The analogy is flawed, of course. On some level it makes sense that you expect the standards of behaviour on the internet to be spelled out in great detail in Terms of Services. There are too many variables that change from site to site to reasonably expect the concept of “courteousness” to have the same meaning everywhere. But when there is no such explicit explanation of expectations, is that really an excuse to fall back to the lowest common denominator?

None of this should come as a surprise to anyone, but it’s still a little saddening how low the bar really is. Cesspool, indeed.  

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About Phire

I go by Jenny, Jenn, Phire Phoenix, or Phire. I can usually be found wasting time on MetaFilter. In my spare time, I blog.

28 Responses to He Called Us a Cesspool :(

  1. GospelX says:

    This has little to do with right or wrong, the way I see it. If he really thought he had a leg to stand on with his point and how he was presenting himself, he could have been straightforward about it instead of hiding behind a sock puppet account. Anonymously defending himself and trying to entice others to side with him through that means suggests to me a lack of confidence in not only his stance but his personal brand.

    • thelastcpa says:

      Adams argues that he wanted to be judged by the content of his posts, not automatically based on who he is. This argument would have resonated more with me if his content had not included so much about his “certified genius” status.

    • AnonymousAtLarge says:

      It’s possible he just didnt’ care that much, but he cared enough to say something.

      For example, at my place of employment, I have to deal with a lot of assholes, 24/7. This is rather common and most people can relate to having to deal with assholes of various stripes.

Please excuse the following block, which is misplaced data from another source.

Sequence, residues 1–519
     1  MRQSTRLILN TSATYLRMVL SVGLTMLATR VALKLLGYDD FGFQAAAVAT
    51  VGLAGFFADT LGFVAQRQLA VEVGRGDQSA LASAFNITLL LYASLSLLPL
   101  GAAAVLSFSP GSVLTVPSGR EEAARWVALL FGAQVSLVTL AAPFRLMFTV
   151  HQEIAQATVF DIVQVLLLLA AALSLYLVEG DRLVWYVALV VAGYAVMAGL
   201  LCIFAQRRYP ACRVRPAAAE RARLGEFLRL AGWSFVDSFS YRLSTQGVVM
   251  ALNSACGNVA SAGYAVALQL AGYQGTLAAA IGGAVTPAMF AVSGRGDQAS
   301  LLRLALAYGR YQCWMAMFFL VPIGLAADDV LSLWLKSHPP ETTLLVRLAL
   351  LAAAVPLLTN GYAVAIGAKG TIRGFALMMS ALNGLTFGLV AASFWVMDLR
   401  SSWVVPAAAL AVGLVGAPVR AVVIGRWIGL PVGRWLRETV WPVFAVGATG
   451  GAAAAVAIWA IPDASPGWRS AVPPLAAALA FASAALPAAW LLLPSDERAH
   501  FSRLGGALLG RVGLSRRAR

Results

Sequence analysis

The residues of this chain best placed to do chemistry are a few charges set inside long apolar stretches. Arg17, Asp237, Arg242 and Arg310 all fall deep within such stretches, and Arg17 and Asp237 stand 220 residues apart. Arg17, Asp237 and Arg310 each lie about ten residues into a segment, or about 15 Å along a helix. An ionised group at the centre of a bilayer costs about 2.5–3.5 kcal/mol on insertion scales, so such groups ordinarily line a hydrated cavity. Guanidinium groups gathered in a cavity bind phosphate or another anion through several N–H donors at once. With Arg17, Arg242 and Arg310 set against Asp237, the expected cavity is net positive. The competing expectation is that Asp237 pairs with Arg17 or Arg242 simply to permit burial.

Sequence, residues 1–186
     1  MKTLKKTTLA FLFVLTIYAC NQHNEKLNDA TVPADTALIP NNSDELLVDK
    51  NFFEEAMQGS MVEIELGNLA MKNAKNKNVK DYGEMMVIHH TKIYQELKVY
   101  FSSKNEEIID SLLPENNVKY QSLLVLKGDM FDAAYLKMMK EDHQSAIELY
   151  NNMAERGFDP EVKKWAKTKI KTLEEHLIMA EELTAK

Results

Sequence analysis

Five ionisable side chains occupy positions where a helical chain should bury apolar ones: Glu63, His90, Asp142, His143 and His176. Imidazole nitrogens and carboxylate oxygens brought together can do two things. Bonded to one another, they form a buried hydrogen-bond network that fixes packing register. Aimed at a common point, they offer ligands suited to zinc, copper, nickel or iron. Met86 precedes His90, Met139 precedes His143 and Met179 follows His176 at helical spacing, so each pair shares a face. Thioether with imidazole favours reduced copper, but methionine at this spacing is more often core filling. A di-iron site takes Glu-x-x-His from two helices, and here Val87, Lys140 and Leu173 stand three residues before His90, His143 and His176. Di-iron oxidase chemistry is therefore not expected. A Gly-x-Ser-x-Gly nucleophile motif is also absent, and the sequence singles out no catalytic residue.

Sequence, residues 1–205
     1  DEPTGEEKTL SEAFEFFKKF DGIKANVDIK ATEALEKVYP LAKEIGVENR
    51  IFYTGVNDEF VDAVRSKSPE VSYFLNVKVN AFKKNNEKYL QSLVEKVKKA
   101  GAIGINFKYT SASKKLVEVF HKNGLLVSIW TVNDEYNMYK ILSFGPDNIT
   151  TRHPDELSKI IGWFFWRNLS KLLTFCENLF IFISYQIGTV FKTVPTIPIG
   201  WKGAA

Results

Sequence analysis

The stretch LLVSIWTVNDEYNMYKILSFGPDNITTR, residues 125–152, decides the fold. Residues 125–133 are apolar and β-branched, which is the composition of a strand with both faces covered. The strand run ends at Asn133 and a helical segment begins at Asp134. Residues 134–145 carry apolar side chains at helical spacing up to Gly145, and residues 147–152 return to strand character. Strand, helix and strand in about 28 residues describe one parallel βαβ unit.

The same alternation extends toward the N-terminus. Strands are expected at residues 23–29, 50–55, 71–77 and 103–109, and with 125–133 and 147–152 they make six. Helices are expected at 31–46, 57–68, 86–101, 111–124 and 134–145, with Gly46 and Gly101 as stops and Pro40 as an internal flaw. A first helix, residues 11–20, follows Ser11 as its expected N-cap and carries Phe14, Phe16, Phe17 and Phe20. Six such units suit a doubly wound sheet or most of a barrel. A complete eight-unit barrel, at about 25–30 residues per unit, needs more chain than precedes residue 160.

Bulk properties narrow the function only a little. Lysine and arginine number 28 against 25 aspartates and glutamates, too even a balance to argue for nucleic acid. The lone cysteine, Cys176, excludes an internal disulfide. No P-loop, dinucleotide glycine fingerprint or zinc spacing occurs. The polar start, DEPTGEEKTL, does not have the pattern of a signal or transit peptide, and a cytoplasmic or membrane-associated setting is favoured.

Sometimes I will have an issue with one of my asshole coworkers but I don’t necessarily want to go through the rigamarole of formerly having a confrontation and making an issue out of something… because it just isn’t that important, not important enough to go through the trouble of starting shit.
      However there still is the issue of my emotions, or my frustration or whatever.

      So the easy solution is that you simply talk smack about the person who is annoying you under your breath/to someone else and don’t give a flip if they hear you or not. This accomplishes your goal (venting your emotions) without requiring all the effort and potential long term commitment of confronting that person and hashing out an issue properly.

      Sometimes it’s worth it to confront a person and own your shit talk. The issue is important. The conflict is going to be long standing and you want to clear the cobwebs or state your boundaries or what have you. Usually this is not the case, and usually it is way too much effort / consequences to sign your name to the ranting.

      Clearly this was a case where Scott Adams didn’t want everyone know know he was pissed off, but he still wanted to say something… so he did. Why doesn’t Scott Adams have the right to weigh in anonymously? Everyone else on that forum is anonymous. It’s not a serious issue, who gives a crap if he didn’t have the guts to sign his name to his comments. Really, this is not a big deal. It’s very trivial and that’s precisely why Mr Adams just made a fake name and spouted off. He didn’t want to have a serious discussion with these tools, he just wanted to vent and so he did.